Turkey and Azerbaijan snub Europe summit over Karabakh tensions

AFP , Thursday 5 Oct 2023

Europe's quest to build a common geopolitical purpose suffered a new blow on Thursday when Turkey and Azerbaijan skipped a major summit, as tensions mounted over the Nagorno-Karabakh conflict.

Croatia s Prime Minister Andrej Plenkovic (L) speaks with Armenian Prime Minister Nikol Pashinyan at the start of a plenary session of the European Political Community summit at the Palacio de Congreso in Granada, southern Spain on October 5, 2023. EAFP


Four dozen European leaders -- from European Union and NATO member states, as well as their neighbours -- have gathered in Granada for the third summit of the European Political Community (EPC).

But two invitees, Turkey's President Recep Tayyip Erdogan and his ally, Azerbaijan's leader Ilham Aliyev, failed to turn up, torpedoing efforts to address Europe's latest security crisis.

Leaders had hoped to host Aliyev's first meeting with Armenian Prime Minister Nikol Pashinyan since Azerbaijan seized the breakaway region of Nagorno-Karabakh and triggered an exodus of ethnic Armenian civilians.

The two leaders were to have been joined by EU council president Charles Michel, France's Emmanuel Macron and Germany's Olaf Scholz -- but Azerbaijan rejected the format, accusing Europe of bias.

The EU recognises Azerbaijan's sovereign claim on Nagorno-Karabakh but has criticised Baku's use of force to resolve the dispute, which has led to a wave of refugees into Armenia.

France, in particular, has been outspoken, with Foreign Minister Catherine Colonna travelling to the Armenian capital, Yerevan, and promising to deliver weapons to Pashinyan's government.

'It's a shame'

Azerbaijan is furious and wants Turkey's Erdogan to serve as a mediator.

But Erdogan was not invited to join Macron and Scholz in mediating the talks between Armenia and Azerbaijan, and decided to skip the entire EPC summit.

"It's a shame that Azerbaijan isn't here and it's a shame that Turkey -- which is the main country supporting Azerbaijan -- is not here either," EU foreign policy chief Josep Borrell said.

"We are not going to be able to talk here about something as serious as the fact that more than 100,000 people have had to leave their homes in a hurry, running away from an act of military force."

Arriving at the summit, Michel, who would have hosted the meeting, insisted: "The EU is a neutral mediator, with no agenda."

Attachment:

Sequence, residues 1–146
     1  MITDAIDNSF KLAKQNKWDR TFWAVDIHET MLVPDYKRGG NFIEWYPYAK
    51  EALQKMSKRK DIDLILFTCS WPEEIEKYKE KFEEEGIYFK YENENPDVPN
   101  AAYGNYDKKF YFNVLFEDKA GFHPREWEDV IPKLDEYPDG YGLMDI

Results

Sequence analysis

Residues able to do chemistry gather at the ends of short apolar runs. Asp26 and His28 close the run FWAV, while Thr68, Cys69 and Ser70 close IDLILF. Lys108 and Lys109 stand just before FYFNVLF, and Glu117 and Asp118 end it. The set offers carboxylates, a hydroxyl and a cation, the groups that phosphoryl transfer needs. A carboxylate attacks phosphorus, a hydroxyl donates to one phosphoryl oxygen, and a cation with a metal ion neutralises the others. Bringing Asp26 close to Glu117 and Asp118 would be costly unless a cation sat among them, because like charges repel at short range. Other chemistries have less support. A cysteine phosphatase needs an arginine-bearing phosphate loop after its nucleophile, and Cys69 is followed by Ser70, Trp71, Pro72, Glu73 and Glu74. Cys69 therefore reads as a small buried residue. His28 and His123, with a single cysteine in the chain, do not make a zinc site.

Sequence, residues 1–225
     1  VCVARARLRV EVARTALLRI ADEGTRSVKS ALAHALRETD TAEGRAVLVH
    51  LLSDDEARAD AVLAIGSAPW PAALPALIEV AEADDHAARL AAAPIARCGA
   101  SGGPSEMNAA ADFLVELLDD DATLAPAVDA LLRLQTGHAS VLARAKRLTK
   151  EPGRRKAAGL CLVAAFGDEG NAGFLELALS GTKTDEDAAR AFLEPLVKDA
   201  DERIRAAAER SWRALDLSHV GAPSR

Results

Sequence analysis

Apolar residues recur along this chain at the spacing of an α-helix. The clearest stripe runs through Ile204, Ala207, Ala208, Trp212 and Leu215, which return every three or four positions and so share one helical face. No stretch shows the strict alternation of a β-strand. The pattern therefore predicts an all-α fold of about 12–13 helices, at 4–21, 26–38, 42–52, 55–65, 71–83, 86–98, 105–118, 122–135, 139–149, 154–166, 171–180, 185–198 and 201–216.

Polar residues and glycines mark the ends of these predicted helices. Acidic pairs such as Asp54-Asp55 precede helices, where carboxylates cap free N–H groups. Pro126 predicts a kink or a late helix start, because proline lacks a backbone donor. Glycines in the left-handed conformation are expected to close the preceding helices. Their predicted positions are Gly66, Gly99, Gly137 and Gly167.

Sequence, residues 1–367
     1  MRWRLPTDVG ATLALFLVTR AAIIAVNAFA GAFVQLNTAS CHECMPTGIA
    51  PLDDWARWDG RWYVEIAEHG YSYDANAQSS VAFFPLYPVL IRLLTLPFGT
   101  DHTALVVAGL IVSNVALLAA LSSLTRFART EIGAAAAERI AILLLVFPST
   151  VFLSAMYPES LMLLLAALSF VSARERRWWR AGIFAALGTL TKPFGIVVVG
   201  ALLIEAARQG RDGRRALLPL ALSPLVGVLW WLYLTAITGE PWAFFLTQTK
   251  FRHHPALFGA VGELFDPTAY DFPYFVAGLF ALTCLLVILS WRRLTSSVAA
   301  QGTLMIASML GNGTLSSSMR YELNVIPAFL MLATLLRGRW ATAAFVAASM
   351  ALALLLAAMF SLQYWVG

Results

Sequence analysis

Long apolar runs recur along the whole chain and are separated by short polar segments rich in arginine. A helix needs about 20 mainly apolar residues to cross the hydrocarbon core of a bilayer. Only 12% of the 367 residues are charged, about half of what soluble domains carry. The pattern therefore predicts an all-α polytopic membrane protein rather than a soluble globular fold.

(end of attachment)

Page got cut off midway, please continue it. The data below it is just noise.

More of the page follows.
But even as he spoke, the European Parliament adopted a resolution dubbing the exodus of ethnic Armenians "ethnic cleansing" and condemning "threats and violence committed by Azerbaijani troops".

The resolution, paired with a call for sanctions, will have no practical effect but is bound to further alienate Baku at a time when Europe is seeking unity to confront other crises.

Armenia's Pashinyan, who turned up to the summit and plans to hold bilateral talks with Macron and other EU leaders, expressed regret that he would not meet Aliyev and sign a "turning point document".

In a social media post, Sinan Ulgen -- a former Turkish diplomat turned think tank expert -- said western Europeans should really not be surprised by Ankara and Baku's response.

"It is really a bit odd for France to expect to play a mediating role in the Karabakh dispute after such a show of unmitigated support and solidarity with Armenia," he said.

But the eastern boycott is also a blow to the EPC, a fledgling forum designed to form the basis of a common European geopolitical identity beyond the borders of the European Union.

"Without Turkey and Azerbaijan, the political community becomes more narrowly European and seems more anti-Putin, give or take a few leaders," said Sebastien Maillard of the Institut Jacques Delors think tank.

"Without a Karabakh meeting, the agenda could flip to the migration crisis," he said.

'Immigration crime'

Indeed, with the Caucasus conflict falling down the EPC agenda, UK Prime Minister Rishi Sunak and his Italian counterpart Giorgia Meloni will push a plan for tough action on "organised immigration crime".

The leaders will also meet Ukraine's President Volodymyr Zelensky, who is concerned to maintain strong European support for his country's battle to defend itself from the Russian invasion.

Political turmoil in Washington has called into question continued US support for Kyiv and Zelensky, arriving at the summit, called for Europe to remain united behind the campaign.

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